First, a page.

Happy e-publication day to Zana Bell! Fool’s Gold is released in digital format today. Read on for an insight into the inspirations for her latest novel, as well as a tantalising extract!
What is the fascination of love across the classes? The Cinderella trope is, of course, perennially popular. My great-great-great grandfather ran away to Gretna Green with his mother’s maid and I am inordinately proud of my impetuous ancestors. But what about the reversal – the woodcutter and the princess? There’s Lady Chatterley’s Lover and The Go-Between. In Downton Abbey, Lady Sybil married the chauffeur. Yet none of these has the triumphant happily-ever-after we expect from the Cinderella story. Why is that?
Class structures buckled and bent considerably in New Zealand in the 1860s when survival depended less on inherited wealth and considerably more on courage, quick wits and plain good luck. I had a lot of fun in Fool’s Gold in throwing together characters who normally would never have met. Lady Guinevere Stanhope is cast upon her own resources when her father unexpectedly dies and, luckily for her, she is rescued from drowning by Quinn O’Donnell, an Irish doctor turned gold digger. He was raised by priests and has a great loathing for the English aristocracy, but having saved Guinevere, he feels responsible for her until she recovers her strength. Here is a scene where he brings medicine to her in a rackety hotel in a rowdy gold-mining town (think the Wild West in glorious Lord of the Rings scenery):
Guinevere tasted the medicine and made a face.
‘Ugh. What on earth is it?’
The corner of Quinn’s mouth lifted. ‘’Tis the druggist’s own recipe. I checked the ingredients and it’s sound enough, but I did wonder how it would taste.’
‘Ah well, as the priests used to say, it seems it is always the unpalatable things that do us the most good and must be endured virtuously without complaint.’
Guinevere couldn’t help smiling at his ironic tone, though she grimaced again at the next sip. ‘My father was fervently against anything that made one uncomfortable and had no belief in virtue either, saying it was a scourge to unsettle one’s natural desires.’
Quinn took the empty cup from her hands and put it on the table before pulling a chair up and sitting beside the bed. ‘Did he now?’
Perhaps the illness was making her overly sensitive but Guinevere thought she detected a censorious undertone. ‘I don’t mean he wasn’t honourable,’ she said defensively. ‘He was the kindest, most generous of men but he just thought differently from most about actively seeking happiness and enjoyment of life.’
‘What do you mean by “mm”?’ Guinevere eyed Quinn. He’d ceased being a handsome interloper in her room and was back to being infuriating. His lips were folded into a flat line of disapproval.
‘Just seems to me ’tis easier to seek happiness and enjoyment when you don’t have to be spending time seeking food, warmth and safety instead.’
‘Well, of course.’
‘There’s no “of course” about it, where I come from.’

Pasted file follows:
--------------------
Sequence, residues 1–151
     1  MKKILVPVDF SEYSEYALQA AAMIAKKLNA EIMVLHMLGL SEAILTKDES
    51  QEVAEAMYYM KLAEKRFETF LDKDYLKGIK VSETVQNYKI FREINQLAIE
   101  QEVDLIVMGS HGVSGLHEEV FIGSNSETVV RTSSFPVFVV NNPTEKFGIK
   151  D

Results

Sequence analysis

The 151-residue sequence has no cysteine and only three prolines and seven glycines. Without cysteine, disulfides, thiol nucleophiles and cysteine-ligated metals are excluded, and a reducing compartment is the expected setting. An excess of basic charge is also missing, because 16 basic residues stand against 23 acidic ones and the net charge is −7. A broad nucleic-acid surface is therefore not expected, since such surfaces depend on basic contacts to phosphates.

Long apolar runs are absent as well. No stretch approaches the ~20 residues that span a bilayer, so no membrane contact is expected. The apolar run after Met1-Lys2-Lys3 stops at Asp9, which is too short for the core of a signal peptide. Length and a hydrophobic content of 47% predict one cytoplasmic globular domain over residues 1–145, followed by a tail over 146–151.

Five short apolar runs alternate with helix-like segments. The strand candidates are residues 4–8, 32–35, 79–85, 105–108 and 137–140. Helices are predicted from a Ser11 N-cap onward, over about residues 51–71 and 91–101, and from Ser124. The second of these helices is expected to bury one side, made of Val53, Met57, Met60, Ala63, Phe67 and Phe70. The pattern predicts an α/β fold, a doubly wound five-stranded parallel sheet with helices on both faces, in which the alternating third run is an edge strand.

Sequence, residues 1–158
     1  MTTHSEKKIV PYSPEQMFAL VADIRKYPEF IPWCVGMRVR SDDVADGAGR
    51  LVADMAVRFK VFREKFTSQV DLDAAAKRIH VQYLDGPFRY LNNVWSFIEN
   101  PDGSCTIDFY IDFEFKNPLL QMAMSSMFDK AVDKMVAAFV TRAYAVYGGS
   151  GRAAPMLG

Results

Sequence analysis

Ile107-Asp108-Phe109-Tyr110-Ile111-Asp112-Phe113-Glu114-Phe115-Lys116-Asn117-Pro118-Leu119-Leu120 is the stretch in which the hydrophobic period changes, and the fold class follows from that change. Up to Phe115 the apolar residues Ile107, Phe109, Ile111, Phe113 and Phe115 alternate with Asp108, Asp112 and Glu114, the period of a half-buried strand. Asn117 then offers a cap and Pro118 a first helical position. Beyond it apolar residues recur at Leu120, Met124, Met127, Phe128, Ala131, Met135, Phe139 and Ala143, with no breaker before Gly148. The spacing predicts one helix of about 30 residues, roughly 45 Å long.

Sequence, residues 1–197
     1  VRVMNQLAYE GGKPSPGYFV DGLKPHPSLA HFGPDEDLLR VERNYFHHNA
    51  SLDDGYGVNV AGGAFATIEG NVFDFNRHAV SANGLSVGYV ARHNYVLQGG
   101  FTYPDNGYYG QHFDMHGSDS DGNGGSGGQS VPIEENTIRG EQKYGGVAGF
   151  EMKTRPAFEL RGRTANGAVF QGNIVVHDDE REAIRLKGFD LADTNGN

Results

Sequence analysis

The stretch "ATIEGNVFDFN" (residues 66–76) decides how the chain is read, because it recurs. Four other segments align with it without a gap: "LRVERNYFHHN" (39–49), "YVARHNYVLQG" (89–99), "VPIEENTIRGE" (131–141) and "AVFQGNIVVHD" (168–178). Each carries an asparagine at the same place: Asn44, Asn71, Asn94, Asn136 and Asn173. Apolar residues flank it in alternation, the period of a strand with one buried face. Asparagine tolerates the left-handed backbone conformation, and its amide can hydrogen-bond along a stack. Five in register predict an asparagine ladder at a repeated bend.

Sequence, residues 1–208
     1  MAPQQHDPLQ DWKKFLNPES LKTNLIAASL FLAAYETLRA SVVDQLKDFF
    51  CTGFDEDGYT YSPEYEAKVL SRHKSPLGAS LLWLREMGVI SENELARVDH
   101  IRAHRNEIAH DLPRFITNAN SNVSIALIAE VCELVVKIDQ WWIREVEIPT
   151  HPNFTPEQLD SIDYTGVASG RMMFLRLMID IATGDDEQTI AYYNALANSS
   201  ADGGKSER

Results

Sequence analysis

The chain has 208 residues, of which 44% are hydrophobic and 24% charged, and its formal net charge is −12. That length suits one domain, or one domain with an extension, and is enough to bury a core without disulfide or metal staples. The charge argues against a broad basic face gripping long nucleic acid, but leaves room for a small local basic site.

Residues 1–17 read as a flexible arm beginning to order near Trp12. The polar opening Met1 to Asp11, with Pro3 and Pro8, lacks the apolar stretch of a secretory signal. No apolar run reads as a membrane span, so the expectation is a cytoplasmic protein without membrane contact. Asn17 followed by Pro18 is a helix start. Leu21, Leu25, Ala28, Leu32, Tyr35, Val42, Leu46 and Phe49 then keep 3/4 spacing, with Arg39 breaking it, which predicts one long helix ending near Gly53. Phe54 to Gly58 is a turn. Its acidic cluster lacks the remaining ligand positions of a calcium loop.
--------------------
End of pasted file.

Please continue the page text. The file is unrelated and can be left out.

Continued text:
‘But that was not my father’s fault. Don’t make it seem as though it was. And don’t sit in judgment of him either when you never met him. Your life has had nothing to do with his.’
‘No, but I know his sort. If one is born into luxury, ten must be born into poverty to support it.’
‘That’s not true.’
‘No? Then just how many servants did you have, Lady Guinevere, to look after you and your father?’
Guinevere was outraged but also thrown. ‘I don’t know,’ she stammered. ‘I’ve never thought about it.’
‘No,’ he agreed. ‘I’m quite sure you haven’t.’
‘Don’t you use that tone on me. How dare you be so condescending.’
‘Don’t be absurd. How can a penniless Irishman condescend to an English lady?’
‘I don’t know but you do!’
For a second they glared at each other but to Guinevere’s surprise, Quinn was the first to break. A rueful smile tugged at his lips and this time it did soften that horrid coolness in his eyes.
‘A fine doctor I am, to be getting my patient’s temperature soaring again. Lady Guinevere, I apologise. I shouldn’t have said anything about your daddy.’
‘Thank you,’ she said gruffly. ‘He was a good man, you know.’
‘I’m sure he was.’
‘He supported lots of artists.’
‘Looked after artists, did he? Ah well, there you go then. And a very fine job he did of it too, I’m sure.’
Guinevere threw him a suspicious sideways glance but his expression was bland. Her eyes narrowed. ‘Mr O’Donnell,’ she began then paused.
‘Lady Guinevere?’ Again, his tone was politely neutral but she did not trust him at all.
‘You’re laughing at me.’
‘Sure, now would I do that?’
‘Sure, yes you would.’
There was no denying the mischief in his eyes and he laughed. ‘I’m sorry, I truly am. I shouldn’t be teasing you.’
‘No you shouldn’t!’ But Guinevere could feel herself weakening and despite being still very ruffled, she couldn’t help smiling back. ‘You are quite insufferable, you know.’
‘So I’ve been told before – two nights ago, in fact.’
Guinevere laughed. ‘It seems such a long time ago now. I feel like I’ve known you for much longer.’
‘Do you?’ he asked, and as he smiled down into her eyes, there was something in his tone that suddenly made her feel shy. For a second their eyes locked and Guinevere’s heart skipped.
Can you think of any stories where the woodcutter and princess do get to live happily ever after? Why does their love often seem doomed?